But this might be the first time that Cruise's ability to bend the blockbuster apparatus to his will has been completely overwhelmed by the grueling and increasingly globalized concerns of the market place. Director Alex Kurtzman, who co-wrote the first two Star Trek and Transformers movies, shoots the whole film in a gray haze that never allow the elaborate stunt scenes to pop. Judging from this movie, he doesn't have the eye for action that Transformers auteur Michael Bay brought to his scripts or Star Trek director J.J. Abrams's ease with character.
Similarly, the three credited screenwriters -- Christopher McQuarrie, David Koepp, and Dylan Kussman -- provide Cruise's protagonist with an enjoyable "scoundrel finds a heart" arc, but unlike the actor's 2014 vehicle Edge of Tomorrow, which followed a soldier on the path to self-awareness, the writers don't pair him off against a worthy adversary like Emily Blunt. He's adrift here. Digging for treasure that's not there.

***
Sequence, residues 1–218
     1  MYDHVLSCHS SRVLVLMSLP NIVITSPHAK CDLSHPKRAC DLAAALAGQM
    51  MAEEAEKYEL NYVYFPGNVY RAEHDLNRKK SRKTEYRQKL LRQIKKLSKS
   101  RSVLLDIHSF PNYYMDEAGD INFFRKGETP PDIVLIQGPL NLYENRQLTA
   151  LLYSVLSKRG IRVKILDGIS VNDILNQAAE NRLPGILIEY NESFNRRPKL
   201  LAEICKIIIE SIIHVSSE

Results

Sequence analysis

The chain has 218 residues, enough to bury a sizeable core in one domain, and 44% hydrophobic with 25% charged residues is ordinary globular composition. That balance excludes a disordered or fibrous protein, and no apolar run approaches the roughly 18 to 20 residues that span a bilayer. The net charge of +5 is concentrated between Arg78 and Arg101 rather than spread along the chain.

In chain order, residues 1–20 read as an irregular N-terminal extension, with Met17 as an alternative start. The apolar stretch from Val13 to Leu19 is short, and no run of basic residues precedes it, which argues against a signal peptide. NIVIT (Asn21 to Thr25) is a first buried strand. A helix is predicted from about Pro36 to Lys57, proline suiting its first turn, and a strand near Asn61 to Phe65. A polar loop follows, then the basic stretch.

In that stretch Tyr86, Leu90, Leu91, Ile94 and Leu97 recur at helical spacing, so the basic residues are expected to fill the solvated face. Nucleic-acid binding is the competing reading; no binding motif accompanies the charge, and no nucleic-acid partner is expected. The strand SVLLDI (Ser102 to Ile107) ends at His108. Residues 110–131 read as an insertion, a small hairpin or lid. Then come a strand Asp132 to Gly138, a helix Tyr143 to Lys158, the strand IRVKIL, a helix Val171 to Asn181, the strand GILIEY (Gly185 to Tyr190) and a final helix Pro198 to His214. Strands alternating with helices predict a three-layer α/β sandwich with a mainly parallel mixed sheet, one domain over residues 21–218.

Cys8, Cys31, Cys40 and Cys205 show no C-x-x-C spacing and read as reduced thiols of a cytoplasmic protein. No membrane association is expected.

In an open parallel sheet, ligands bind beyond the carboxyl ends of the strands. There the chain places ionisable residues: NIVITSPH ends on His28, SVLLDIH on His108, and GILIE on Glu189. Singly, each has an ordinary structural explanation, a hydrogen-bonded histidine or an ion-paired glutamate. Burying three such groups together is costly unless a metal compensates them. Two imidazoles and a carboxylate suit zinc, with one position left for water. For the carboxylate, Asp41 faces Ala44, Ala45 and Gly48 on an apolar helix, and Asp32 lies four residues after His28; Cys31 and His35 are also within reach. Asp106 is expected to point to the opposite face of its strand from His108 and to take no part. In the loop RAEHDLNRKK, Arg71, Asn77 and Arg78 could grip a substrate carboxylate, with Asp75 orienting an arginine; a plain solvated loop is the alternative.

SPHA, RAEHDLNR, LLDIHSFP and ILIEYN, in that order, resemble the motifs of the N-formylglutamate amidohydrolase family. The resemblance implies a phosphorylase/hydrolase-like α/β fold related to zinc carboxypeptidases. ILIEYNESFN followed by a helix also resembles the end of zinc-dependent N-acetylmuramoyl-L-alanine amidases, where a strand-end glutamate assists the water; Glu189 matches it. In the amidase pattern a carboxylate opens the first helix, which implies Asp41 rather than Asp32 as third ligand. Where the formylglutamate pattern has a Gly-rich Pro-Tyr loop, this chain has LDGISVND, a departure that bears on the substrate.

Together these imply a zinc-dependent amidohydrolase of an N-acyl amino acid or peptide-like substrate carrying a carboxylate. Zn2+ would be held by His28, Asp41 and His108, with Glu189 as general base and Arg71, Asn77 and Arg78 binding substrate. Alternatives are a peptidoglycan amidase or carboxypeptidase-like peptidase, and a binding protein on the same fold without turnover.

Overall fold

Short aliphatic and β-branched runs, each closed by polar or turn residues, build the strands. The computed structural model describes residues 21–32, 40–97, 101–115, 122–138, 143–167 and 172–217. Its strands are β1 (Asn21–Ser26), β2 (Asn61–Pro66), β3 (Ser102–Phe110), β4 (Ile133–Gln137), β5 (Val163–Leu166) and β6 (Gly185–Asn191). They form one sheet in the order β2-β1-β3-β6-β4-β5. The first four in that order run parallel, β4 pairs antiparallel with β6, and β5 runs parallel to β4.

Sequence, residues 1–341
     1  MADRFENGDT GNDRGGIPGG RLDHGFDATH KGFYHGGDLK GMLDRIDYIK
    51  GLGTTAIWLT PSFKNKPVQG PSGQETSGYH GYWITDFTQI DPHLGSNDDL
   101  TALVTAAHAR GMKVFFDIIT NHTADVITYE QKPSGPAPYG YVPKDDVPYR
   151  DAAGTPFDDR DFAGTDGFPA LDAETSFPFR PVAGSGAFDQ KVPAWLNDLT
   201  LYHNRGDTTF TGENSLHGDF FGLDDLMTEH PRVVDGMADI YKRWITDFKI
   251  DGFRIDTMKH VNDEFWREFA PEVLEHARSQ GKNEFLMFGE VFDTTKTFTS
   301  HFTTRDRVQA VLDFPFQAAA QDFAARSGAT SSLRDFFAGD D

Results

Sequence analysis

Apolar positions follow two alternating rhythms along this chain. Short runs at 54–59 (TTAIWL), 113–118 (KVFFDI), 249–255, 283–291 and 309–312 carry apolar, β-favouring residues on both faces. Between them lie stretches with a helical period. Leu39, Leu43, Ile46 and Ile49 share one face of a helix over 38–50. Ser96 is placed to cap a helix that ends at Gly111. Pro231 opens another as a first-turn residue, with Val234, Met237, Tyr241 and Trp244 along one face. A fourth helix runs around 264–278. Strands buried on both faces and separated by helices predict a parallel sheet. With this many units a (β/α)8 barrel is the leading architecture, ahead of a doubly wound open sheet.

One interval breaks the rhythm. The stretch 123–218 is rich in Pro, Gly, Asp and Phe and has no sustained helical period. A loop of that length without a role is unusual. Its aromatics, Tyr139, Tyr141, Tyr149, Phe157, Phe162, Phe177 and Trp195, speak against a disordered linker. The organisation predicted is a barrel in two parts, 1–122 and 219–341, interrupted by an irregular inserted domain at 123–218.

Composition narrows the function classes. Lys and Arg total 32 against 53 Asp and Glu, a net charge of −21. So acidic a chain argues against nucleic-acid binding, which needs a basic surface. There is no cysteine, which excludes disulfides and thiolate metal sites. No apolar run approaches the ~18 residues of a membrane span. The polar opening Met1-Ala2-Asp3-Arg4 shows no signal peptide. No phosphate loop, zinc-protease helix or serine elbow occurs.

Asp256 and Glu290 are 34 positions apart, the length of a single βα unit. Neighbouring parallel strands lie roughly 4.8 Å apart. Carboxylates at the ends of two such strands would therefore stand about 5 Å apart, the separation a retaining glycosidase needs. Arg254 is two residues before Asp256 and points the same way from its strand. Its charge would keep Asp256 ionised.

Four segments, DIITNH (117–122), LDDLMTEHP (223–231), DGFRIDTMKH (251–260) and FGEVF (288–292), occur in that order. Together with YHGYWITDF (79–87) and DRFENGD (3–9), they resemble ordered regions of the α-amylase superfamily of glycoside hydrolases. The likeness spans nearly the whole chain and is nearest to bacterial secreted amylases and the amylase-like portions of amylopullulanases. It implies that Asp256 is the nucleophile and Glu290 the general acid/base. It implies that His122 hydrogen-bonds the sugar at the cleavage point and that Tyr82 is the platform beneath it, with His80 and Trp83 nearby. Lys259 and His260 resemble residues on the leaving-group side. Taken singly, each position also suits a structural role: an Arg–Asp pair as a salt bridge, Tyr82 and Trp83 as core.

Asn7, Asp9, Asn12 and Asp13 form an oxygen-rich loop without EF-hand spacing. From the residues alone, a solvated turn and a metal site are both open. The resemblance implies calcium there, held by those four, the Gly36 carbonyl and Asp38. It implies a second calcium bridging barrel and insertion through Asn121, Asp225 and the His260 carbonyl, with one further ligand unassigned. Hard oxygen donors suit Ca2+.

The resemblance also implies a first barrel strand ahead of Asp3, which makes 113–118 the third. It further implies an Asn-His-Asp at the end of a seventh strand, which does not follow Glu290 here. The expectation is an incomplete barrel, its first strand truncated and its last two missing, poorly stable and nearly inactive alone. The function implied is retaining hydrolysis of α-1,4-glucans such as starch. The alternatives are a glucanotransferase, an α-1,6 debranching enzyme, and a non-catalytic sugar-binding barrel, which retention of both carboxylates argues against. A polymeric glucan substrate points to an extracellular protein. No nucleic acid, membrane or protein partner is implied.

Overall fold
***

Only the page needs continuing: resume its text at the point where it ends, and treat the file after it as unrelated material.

But there's reason for hope. Even if Universal wants him to be the Iron Man of the Dark Universe, which seems unlikely given the film's tepid reception, there's still reason to believe that Cruise, one of our most hard-working movie stars, will rediscover his mojo. Later this year, he's starring in American Made, a drug-trafficking thriller that re-teams him with Edge of Tomorrow director Doug Liman. It might not lift the curse, or save the Dark Universe, but it should give him a chance to crawl out of the tomb-like hole he's currently in.